Charring
Charring is a fire indicator that shows the intensity, spread and intensity of the fire. Different materials have different moisture content; therefore, charring may not be reliable in determining the intensity and duration of exposure to fire. Relatively, a comparing of charring depths in different locations can determine the relative time of exposure.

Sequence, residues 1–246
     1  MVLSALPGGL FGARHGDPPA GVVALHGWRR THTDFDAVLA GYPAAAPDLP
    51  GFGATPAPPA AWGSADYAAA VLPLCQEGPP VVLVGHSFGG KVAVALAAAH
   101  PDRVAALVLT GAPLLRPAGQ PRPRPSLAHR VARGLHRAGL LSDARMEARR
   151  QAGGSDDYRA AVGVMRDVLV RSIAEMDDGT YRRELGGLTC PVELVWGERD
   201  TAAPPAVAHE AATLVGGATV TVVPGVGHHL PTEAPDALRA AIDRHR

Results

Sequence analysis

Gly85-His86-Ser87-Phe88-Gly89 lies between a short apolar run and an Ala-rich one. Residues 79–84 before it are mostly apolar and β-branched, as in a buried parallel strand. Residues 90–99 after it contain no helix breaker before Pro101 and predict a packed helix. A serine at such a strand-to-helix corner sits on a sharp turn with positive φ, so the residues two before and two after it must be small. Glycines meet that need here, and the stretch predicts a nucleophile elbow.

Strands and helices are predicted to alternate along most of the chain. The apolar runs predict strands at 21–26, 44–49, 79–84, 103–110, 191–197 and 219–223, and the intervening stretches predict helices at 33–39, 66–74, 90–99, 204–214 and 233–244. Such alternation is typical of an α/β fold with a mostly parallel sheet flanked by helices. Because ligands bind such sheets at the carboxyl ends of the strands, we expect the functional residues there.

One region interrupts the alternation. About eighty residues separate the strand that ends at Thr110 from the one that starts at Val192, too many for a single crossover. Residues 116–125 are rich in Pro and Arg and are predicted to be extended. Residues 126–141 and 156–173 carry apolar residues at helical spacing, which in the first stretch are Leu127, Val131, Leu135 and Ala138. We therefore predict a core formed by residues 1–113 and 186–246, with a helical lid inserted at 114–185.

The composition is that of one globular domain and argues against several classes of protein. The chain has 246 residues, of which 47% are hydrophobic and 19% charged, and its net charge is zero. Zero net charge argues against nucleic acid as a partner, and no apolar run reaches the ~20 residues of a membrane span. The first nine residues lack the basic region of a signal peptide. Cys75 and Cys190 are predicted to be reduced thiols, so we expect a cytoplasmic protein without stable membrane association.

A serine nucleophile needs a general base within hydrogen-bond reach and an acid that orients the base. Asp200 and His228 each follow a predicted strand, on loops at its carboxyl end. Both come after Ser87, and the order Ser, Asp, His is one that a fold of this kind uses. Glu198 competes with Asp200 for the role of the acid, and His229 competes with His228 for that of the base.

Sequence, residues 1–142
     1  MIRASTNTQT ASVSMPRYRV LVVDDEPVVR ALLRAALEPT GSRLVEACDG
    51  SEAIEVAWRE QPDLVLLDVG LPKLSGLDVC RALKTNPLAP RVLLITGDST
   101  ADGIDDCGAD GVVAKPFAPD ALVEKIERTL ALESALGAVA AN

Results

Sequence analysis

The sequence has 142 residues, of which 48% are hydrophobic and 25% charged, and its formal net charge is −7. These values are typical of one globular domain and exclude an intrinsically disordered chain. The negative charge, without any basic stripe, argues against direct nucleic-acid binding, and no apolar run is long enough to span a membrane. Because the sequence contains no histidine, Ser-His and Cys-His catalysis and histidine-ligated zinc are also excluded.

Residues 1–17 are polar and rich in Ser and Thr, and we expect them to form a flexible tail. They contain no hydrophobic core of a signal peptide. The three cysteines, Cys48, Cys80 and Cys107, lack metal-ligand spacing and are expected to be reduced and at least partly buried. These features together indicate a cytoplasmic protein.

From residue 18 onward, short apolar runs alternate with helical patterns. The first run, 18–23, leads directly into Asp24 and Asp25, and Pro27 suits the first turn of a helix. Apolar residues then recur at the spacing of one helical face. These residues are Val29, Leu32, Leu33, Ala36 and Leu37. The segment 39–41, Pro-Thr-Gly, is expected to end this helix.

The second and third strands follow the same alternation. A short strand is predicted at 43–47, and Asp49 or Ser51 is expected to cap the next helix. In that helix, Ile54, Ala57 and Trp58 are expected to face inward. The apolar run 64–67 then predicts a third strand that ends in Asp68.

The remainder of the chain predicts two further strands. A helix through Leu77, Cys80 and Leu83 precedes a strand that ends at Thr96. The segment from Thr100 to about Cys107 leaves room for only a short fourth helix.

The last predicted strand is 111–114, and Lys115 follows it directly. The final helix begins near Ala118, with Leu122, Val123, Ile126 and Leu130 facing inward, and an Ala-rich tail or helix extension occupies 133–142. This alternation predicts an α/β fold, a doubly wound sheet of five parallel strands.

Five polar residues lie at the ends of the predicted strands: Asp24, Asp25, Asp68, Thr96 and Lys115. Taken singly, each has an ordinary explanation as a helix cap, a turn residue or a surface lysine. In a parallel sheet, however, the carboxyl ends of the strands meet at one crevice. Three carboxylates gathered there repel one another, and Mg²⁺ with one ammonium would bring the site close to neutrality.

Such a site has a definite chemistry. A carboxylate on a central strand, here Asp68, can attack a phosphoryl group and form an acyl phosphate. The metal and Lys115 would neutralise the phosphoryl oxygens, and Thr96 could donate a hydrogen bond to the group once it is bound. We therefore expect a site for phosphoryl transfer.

The objective of the fire scene examination of to identify the source of the ignition or the first fuels that ignited in the fire. Hine (2004) notes that whereas a match is an ignition source, it is unlikely to ignite a solid metal bar but can ignite a piece of newspaper. Effective identification of the source of the fire starts by examining the exterior part of the house and documenting the evidence. There are two accesses to the house, the front door picture in PPT 3 and the hind door pictured in PPT 7. The main access to the house is the hind door due to presence of external seats and pictured in PPT 4. Next to the hind door is a window; one can see through the house from the back to the front through the window due to presence of another window in the front part of the part as indicated in pictures on PPT 3 and PPT 4. The upper outside part of hind door is tainted with smoke; indicating that the fire must have started in the area right behind the door. Notably, gases such as smoke from combustion will flow towards paths of least resistance around obstructions and in an upward manner (Daeid, N N, 2005). The front part of the house has two windows; one of the windows is partially charred on its upper part. The fire seemed to have damaged the hind part of the house compared to the front part as seen in PPT 3 and 4. The damage to the exterior part of the house limited to the openings, which are the windows; however, most damage is in the interior parts of the house. The level of destruction indicates that the fire may have started in one of the rooms in the hind part of the house. The hind parts contain the kitchen; it also includes an extension of the living room as seen in PPT 8, 9 and 10. Comparing the level of damage in the living close to the front window and by looking at the dormer window above living room, it indicates that the front part of the living room was not severely burned. In addition, the roof part in the hind part of the living room was not as damaged as the roof part above the kitchen. Therefore, the fire may have started in the hind part of the house in the kitchen.